Buying a Home Amid Climate Change

Buying a Home Amid Climate Change

By Janelle D. 2 min read | Buying

Climate change:  we’ve heard about it for years and have witnessed temperatures  extremes making certain times of the year unrecognizable.  We’ve seen examples of nature’s fury with massive wildfires, storms, drought and flooding. So what does climate change have to do with buying or selling a house?

Growing up in Montana, we would experience many days of below zero temperatures and lots of snow in December.  These days we’re seeing very little snow in December and unusually high temperatures (still cold but above freezing).  While that may be appealing to some, it’s alarming to others.  Climate change is affecting all areas of the world and it might influence where you decide to live.

Climate Change:
 
“A change in global or regional climate patterns, in particular a change apparent from the mid to late 20th century onwards and attributed largely to the increased levels of atmospheric carbon dioxide produced by the use of fossil fuels.”
 
- Definition from Oxford Languages 

As we burn fossil fuels and enjoy the comforts of electricity, heating, and transportation, we also witness changes in water levels, weather patterns and temperature.  As you search for a home to buy, especially if you’re moving to another area or state, you’ll want to consider what factors affect the climate in that area.  For example, you might want to learn what the drought risk is and how that could influence forest fires.  You could also investigate the flood and storm risk especially if you wish to live in a coastal area.  Keep in mind that all of these factors can affect the price of a home, now and in the future, for better or worse.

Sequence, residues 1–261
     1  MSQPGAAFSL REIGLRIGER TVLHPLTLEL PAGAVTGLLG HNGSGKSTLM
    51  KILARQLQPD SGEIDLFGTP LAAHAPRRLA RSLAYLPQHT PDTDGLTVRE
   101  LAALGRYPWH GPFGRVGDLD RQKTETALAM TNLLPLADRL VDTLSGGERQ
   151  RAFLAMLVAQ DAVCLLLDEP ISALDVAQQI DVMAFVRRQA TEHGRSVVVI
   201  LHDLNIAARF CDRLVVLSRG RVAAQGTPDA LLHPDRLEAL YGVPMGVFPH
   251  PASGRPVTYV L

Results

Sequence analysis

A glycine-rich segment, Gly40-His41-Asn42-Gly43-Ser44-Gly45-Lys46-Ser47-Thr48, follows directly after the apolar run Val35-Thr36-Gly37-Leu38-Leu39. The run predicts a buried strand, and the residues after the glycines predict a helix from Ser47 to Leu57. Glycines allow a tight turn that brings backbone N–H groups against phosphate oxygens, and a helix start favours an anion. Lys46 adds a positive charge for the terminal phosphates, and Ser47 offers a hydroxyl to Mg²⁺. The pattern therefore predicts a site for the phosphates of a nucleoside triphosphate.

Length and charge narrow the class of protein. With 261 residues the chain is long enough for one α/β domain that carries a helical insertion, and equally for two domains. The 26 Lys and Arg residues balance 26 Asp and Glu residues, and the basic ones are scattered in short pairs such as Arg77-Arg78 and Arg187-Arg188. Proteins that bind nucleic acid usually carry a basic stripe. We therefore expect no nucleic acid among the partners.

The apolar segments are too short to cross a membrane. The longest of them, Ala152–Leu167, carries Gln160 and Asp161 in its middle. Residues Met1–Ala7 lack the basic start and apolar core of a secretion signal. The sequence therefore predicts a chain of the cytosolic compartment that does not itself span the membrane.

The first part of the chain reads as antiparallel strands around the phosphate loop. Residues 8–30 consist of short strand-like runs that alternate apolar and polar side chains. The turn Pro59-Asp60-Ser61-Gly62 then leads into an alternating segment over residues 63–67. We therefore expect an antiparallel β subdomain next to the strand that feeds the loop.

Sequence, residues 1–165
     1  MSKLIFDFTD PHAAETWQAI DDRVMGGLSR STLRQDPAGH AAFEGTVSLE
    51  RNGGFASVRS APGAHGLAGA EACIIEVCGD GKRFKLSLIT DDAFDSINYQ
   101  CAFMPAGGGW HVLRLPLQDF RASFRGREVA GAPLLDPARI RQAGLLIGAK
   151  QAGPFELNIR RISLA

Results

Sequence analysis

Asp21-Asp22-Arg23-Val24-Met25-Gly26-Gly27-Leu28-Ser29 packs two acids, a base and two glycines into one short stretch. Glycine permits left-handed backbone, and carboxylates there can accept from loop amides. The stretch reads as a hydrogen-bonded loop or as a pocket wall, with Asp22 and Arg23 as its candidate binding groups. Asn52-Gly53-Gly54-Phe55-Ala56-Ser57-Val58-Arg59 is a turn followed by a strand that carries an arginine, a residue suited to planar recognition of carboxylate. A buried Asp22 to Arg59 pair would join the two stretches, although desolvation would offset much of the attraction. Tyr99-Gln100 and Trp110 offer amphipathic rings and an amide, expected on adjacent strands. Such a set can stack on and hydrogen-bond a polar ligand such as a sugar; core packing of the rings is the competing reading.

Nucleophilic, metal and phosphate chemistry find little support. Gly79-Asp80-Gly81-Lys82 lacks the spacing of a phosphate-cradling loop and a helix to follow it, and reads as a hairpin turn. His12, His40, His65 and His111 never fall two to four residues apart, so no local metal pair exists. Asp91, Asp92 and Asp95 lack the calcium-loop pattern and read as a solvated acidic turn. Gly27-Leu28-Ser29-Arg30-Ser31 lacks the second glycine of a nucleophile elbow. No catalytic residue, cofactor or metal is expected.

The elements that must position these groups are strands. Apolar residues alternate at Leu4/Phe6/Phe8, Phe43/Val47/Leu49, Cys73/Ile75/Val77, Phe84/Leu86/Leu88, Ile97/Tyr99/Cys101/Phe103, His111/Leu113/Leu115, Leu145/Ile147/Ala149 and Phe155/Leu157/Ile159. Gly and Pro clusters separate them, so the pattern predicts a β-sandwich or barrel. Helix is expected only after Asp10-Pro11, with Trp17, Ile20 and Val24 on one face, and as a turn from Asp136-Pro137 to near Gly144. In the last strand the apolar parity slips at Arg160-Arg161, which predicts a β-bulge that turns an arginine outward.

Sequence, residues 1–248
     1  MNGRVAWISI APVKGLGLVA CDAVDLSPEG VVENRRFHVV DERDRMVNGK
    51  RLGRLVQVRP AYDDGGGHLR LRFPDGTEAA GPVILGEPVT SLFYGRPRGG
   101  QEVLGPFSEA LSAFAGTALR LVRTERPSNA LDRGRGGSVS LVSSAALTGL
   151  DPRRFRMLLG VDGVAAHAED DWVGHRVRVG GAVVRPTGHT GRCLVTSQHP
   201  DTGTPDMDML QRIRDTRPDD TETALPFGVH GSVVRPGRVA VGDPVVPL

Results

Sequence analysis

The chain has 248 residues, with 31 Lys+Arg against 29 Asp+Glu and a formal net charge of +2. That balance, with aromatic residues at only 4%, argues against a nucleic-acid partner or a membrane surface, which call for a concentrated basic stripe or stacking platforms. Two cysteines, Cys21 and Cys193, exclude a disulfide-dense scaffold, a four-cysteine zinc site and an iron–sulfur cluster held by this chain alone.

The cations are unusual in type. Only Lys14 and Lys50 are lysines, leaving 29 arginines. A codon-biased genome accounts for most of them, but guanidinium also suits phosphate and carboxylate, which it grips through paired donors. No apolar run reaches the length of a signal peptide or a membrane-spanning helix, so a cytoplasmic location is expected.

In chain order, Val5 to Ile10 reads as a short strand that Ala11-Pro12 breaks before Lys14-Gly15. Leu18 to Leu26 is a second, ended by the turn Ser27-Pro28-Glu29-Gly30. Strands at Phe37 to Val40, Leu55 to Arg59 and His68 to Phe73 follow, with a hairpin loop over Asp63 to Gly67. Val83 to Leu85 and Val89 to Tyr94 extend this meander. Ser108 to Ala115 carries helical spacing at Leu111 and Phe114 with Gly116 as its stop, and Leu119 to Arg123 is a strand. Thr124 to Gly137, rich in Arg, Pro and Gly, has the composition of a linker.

Besides conferring with your real estate agent about the climate in your desired living area, you could also use ClimateCheck™.  This website provides free climate information for the area you wish to live in.  Simply enter an address, area, or zip code to learn more about the level of environmental risk due to climate change.  If it’s determined that the area is high risk and you decide to buy a home there anyway, when you go to sell the home, you may not make a profit.  There’s no doubt that climate change affects house prices.

ClimateCheck_Leslie_RiskFactors_2020_12_23ClimateCheck™ Report Example

 

So before you consider purchasing a home, do some research on how climate change has affected the area you wish to live in and what you can expect for environmental risks in the future.  Knowing that you’re going to be in the home for 15-30 years (length of mortgage), educating yourself on the changing climate can make for a much more enjoyable and safer homeowner experience.

Janelle D.

I've worked in the real estate sector for more than a decade and enjoy sharing my knowledge on the subject and researching the latest trends. In my free time I like to craft, spend time with my family and dog, participate in outdoor activities like hiking, and I'm passionate about photography.

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